Charles L. Ponce de Leon: Review of Douglas Brinkley's "Cronkite"tags: book reviews, Dissent, Douglas Brinkley, Cronkite, Walter Cronkite
Charles L. Ponce de Leon, an associate professor of History and American Studies at California State University, Long Beach, is completing a book on the history of television news.
More than thirty years after his retirement as anchor of the CBS Evening News—and over three years after his death in 2009—Walter Cronkite remains an iconic figure. He appears in the opening montage of Aaron Sorkin’s HBO drama The Newsroom, and his name is routinely evoked in laments about the “decline” of broadcast journalism, which invariably remind us that he was the “most trusted man in America,” a courageous truth-teller committed to objectivity and “hard news.”
Douglas Brinkley’s long, absorbing biography of Cronkite does little to alter this impression. He tells us lots of interesting things about the man, but relatively little about how he became a mythic figure. Nor does he say very much about the particular kind of journalism that Cronkite and his colleagues produced. This is too bad, since Cronkite was at the center of a fascinating moment in the history of American mass media, and the television news that he came to embody was fleeting and highly unusual—an attempt to produce serious journalism in a medium associated with escapism.
Cronkite joined CBS in 1950, after a distinguished career as a wire-service reporter with United Press. He was one of many print journalists drawn to the new medium of television, and he remained committed to a relatively straightforward, just-the-facts approach to the news that made him a favorite of CBS executives, especially news division president Sig Mickelson. His first assignment was to explain developments in the Korean War to viewers of WTOP, CBS’s affiliate in Washington, D.C. Using maps, models, and other ingenious low-tech visual aids, he proved a master at the task. Soon he was hosting WTOP’s evening newscast and contributing short reports on the war to the fifteen-minute newscast that CBS produced in New York and fed to its growing number of affiliates.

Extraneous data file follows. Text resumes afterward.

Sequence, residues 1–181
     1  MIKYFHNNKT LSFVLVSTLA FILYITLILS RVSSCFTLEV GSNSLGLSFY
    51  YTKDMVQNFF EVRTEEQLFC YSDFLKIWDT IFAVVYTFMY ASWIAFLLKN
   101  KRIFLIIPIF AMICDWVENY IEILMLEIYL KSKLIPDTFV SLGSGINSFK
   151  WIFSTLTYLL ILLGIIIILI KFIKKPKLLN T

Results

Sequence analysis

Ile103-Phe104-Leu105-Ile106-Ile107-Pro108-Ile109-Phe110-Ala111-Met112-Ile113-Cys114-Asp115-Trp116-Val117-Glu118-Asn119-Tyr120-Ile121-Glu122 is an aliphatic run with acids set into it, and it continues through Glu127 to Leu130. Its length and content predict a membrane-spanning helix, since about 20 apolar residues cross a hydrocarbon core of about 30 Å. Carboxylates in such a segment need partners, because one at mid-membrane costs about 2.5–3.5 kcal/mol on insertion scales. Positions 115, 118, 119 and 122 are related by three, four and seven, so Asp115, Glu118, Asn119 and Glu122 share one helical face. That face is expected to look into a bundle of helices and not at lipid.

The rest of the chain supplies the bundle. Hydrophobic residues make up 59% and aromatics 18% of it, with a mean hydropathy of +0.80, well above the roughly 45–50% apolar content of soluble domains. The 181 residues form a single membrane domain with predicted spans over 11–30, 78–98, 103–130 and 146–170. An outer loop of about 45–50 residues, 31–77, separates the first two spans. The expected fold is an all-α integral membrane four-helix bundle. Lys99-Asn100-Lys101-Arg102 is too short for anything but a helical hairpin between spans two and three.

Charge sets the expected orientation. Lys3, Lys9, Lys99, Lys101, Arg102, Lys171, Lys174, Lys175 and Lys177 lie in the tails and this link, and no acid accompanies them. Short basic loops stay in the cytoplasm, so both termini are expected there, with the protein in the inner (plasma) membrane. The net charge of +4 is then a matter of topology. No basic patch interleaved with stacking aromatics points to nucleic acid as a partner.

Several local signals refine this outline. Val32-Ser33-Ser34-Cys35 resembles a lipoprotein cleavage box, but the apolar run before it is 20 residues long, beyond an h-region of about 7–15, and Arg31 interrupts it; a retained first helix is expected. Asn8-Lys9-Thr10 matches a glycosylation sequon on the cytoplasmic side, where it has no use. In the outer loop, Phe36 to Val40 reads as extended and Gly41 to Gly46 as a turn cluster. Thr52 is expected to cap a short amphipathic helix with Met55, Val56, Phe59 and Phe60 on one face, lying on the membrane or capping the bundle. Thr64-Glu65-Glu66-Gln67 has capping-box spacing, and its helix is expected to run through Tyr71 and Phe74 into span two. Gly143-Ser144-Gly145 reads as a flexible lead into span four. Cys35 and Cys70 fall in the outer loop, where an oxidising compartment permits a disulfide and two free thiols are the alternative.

During the 1950s, Cronkite was the network’s jack-of-all-trades. He narrated documentaries, “interviewed” actors impersonating famous personages like Joan of Arc and Benedict Arnold at the scene of groundbreaking historical events on the program You Are There, and even briefly hosted The Morning Show, an ill-fated attempt to duplicate the success of NBC’s Today. His most important job, however, was serving as the anchor of CBS’s convention and election coverage, a new role that Mickelson conceived for him in 1952. A quick study with an unusual ability to ad-lib, Cronkite was ideally suited for the assignment, as Mickelson and CBS officials immediately recognized. They made him the anchor of virtually all special live broadcasts, including the network’s coverage of space flights. It was a job that gave Cronkite lots of airtime and allowed him to “own” a story that was popular with the public. In April 1962, with the CBS Evening News with Douglas Edwards well behind NBC’s Huntley-Brinkley Report in the Nielsen ratings, Cronkite became the program’s new anchor and managing editor, a joint position he held for the next nineteen years....
comments powered by Disqus
- New documentary explores the legacy of the 5,000 Rosenwald schools set up by a Sears magnate and Booker T. Washington
- Rare silent Native American movie of 1920s attracting a lot of interest
- It happened in Idaho and was the largest massacre of Indians in US history, but where exactly did it take place?
- Junípero Serra’s Missions Destroyed Entire Native Cultures. And Now He’s Going to Be a Saint.
- Isis destruction of Palmyra's Temple of Bel revealed in satellite images
- Two scholars from UT object to the Texas school's decision to remove the statue of Jefferson Davis
- A history professor explains why Americans are so prone to conspiracy theories
- Now Greg Grandin has come out with a study of Henry Kissinger
- Japanese historian upends the familiar narrative of WW 2 by taking a bottom up approach, focusing on fascism from the grassroots
- Holocaust-denying historian David Irving organises 'disgusting' £2,000-a-head holiday tours of former concentration camps and Hitler's HQ so people can 'make up their own mind about the truth'